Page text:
A trio of orphaned cougar cubs that lost their mother in the wild are getting a second chance at the Oregon Zoo.
The tiny cougars were brought to the zoo in Portland on Friday.
Their mother was killed by a hunter in the Lookout Mountain area in eastern Oregon.
Michelle Schireman, a zookeeper in the Oregon Zoo's North America section, said the hunter is a former Oregon Department of Fish and Wildlife employee who didn't realize he had shot a female cougar that had cubs.
Once he realized his mistake, he tracked the cougar's paw prints in the snow back to the den and found a trio of newborns.
The hunter reported the situation to ODFW and wildlife workers then cared for the young cougars, saying they are possibly just 2 weeks old, before transferring them to the Oregon Zoo.
"A lot of hunters wouldn't have taken the time," Schireman said.
Schireman said the little cougars have learned to eat from a bottle and have adjusted to the formula.
"They're progressing, but they're not out of the woods yet," she said.
They still need to become more stable physically before they can be taken to their final destination, a new home at the North Carolina Zoo.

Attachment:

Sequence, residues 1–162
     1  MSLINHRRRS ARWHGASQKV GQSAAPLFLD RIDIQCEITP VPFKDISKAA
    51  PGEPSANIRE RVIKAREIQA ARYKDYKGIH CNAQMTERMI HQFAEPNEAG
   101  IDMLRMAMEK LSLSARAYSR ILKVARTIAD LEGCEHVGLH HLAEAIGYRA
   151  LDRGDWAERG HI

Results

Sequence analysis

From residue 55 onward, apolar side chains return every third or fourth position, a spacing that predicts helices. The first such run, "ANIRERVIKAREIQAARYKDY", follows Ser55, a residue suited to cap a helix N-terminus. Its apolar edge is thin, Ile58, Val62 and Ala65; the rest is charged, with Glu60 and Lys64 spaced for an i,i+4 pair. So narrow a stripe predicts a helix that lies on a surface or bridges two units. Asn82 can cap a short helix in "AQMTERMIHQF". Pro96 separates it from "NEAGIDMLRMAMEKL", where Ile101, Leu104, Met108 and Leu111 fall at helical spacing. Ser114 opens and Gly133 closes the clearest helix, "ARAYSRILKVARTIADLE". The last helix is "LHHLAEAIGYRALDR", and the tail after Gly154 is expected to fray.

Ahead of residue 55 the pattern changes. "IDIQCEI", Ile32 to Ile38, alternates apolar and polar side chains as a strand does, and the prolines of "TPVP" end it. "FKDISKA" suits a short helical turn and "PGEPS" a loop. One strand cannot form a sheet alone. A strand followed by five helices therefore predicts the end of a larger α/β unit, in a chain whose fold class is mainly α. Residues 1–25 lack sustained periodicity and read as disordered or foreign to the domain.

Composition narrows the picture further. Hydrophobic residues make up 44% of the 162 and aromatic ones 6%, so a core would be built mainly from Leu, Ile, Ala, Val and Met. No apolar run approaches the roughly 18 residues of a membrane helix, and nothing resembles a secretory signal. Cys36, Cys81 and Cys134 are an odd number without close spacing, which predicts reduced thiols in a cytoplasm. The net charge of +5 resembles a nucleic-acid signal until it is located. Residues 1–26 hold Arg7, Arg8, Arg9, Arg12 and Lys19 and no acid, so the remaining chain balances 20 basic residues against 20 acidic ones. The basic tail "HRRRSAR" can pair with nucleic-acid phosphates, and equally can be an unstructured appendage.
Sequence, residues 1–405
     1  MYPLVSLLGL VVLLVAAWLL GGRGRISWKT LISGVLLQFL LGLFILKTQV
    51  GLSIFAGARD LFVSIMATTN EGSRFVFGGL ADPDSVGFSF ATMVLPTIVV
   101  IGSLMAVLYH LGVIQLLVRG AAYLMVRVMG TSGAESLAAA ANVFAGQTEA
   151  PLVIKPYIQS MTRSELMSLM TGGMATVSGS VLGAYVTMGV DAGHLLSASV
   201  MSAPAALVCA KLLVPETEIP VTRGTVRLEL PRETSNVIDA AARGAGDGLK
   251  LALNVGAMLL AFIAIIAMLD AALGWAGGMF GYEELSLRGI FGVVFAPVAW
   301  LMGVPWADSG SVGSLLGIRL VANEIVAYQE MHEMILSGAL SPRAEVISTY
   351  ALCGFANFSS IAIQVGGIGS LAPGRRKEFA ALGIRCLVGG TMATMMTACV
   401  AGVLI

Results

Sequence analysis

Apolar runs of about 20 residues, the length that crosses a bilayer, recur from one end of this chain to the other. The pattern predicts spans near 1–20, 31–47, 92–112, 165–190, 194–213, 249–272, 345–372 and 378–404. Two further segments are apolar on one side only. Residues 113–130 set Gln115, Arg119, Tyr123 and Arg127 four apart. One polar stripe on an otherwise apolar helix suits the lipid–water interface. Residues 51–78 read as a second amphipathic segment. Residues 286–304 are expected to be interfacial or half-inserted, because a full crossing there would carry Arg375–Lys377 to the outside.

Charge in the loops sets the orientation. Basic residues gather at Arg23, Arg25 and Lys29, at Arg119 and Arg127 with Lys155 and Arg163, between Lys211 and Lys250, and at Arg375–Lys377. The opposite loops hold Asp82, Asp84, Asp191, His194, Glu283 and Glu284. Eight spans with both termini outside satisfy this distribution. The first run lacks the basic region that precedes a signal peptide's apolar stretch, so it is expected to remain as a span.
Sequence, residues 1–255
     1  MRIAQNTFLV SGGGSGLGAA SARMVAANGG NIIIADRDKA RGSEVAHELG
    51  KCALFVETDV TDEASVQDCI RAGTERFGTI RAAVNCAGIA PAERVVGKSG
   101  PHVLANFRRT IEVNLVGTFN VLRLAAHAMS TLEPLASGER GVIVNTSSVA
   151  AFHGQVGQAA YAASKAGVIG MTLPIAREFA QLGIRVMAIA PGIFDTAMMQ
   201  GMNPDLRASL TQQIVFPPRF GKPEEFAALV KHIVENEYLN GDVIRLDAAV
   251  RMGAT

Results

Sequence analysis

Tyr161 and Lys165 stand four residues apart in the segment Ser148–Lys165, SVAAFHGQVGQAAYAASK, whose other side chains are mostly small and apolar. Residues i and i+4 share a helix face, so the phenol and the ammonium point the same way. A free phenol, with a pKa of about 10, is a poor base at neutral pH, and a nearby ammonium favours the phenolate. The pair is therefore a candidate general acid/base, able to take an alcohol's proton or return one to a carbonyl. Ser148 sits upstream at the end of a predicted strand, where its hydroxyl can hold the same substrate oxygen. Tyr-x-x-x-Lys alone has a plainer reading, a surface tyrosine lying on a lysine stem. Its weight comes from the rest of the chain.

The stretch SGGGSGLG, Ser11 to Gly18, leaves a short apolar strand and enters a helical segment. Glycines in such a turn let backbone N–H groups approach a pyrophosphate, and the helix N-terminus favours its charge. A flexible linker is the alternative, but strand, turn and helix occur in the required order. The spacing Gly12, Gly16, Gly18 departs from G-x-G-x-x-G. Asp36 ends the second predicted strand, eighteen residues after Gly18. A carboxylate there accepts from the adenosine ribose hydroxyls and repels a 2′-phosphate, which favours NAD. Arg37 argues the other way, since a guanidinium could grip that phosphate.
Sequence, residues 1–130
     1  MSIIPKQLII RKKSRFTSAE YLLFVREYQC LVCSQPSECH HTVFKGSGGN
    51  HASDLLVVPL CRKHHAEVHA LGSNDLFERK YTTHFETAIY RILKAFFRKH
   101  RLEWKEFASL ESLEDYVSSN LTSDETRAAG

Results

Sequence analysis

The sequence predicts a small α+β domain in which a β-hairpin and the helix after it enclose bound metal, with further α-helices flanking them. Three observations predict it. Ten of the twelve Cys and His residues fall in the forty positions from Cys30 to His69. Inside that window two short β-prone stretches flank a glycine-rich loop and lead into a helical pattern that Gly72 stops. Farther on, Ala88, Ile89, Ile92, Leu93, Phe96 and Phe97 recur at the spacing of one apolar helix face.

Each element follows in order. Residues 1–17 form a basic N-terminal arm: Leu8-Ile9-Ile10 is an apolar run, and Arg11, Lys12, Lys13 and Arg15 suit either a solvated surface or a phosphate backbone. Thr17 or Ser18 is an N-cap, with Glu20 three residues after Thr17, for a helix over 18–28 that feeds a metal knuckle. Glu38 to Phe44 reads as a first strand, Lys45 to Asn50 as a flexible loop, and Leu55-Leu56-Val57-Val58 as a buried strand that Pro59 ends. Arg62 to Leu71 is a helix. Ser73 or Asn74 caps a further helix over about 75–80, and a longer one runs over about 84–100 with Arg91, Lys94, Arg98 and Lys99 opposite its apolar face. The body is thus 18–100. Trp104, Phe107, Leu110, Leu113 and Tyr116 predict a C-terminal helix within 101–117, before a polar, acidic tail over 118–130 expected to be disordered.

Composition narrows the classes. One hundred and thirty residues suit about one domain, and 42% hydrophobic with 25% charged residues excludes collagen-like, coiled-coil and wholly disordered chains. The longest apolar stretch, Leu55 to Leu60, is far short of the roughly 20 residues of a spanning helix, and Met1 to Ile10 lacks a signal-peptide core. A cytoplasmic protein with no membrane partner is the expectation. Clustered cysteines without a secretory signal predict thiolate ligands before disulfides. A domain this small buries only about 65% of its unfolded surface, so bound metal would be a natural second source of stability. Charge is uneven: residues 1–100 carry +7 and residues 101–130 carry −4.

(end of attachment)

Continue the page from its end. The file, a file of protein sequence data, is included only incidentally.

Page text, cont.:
Schireman, who is also a species coordinator for the Association of Zoos and Aquariums, said the workers at the North Carolina Zoo contacted her because they had recently lost an aging cougar, with a second one not faring so well, either.
That zoo said they had enough room for three cougars, meaning the baby siblings from Oregon will not be separated.
"Whenever possible, I like to keep brothers and sisters together," Schireman said.
Schireman has found homes for more than 100 cougar cubs in zoos around the country. She said without a mother, young cougars lack the skills and resources they need to survive on their own in the wild.
Right now, there's no timeline for when the Oregon cougar cubs might be able to make their next journey across the country. They are currently being kept in the zoo's veterinary hospital.
The Baker City Herald reported the hunter was given a warning, but not a citation for killing the mother cougar. Authorities deemed it an inadvertent mistake that would have been very difficult to avoid. The cubs were so young, they had never left their den, meaning there was no miniature paw prints in the snow.